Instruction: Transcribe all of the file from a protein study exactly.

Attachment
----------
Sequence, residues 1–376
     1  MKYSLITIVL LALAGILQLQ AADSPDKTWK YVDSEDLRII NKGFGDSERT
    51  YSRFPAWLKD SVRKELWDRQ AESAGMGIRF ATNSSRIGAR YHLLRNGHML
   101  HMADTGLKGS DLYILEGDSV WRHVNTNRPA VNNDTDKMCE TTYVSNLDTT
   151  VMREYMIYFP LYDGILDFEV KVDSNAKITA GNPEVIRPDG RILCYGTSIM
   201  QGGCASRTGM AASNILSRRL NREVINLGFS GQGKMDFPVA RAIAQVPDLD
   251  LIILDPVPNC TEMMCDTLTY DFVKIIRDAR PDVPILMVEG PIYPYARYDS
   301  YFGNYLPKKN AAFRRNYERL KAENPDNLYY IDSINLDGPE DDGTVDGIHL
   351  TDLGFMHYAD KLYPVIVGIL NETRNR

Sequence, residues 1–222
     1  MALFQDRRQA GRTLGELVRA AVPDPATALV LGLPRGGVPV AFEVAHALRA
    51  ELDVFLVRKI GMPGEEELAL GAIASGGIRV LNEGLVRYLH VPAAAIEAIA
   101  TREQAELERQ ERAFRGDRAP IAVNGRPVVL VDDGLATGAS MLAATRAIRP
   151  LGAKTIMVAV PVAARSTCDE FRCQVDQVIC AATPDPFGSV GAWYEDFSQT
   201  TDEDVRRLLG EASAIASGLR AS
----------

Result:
Sequence, residues 1–376
     1  MKYSLITIVL LALAGILQLQ AADSPDKTWK YVDSEDLRII NKGFGDSERT
    51  YSRFPAWLKD SVRKELWDRQ AESAGMGIRF ATNSSRIGAR YHLLRNGHML
   101  HMADTGLKGS DLYILEGDSV WRHVNTNRPA VNNDTDKMCE TTYVSNLDTT
   151  VMREYMIYFP LYDGILDFEV KVDSNAKITA GNPEVIRPDG RILCYGTSIM
   201  QGGCASRTGM AASNILSRRL NREVINLGFS GQGKMDFPVA RAIAQVPDLD
   251  LIILDPVPNC TEMMCDTLTY DFVKIIRDAR PDVPILMVEG PIYPYARYDS
   301  YFGNYLPKKN AAFRRNYERL KAENPDNLYY IDSINLDGPE DDGTVDGIHL
   351  TDLGFMHYAD KLYPVIVGIL NETRNR

Sequence, residues 1–222
     1  MALFQDRRQA GRTLGELVRA AVPDPATALV LGLPRGGVPV AFEVAHALRA
    51  ELDVFLVRKI GMPGEEELAL GAIASGGIRV LNEGLVRYLH VPAAAIEAIA
   101  TREQAELERQ ERAFRGDRAP IAVNGRPVVL VDDGLATGAS MLAATRAIRP
   151  LGAKTIMVAV PVAARSTCDE FRCQVDQVIC AATPDPFGSV GAWYEDFSQT
   201  TDEDVRRLLG EASAIASGLR AS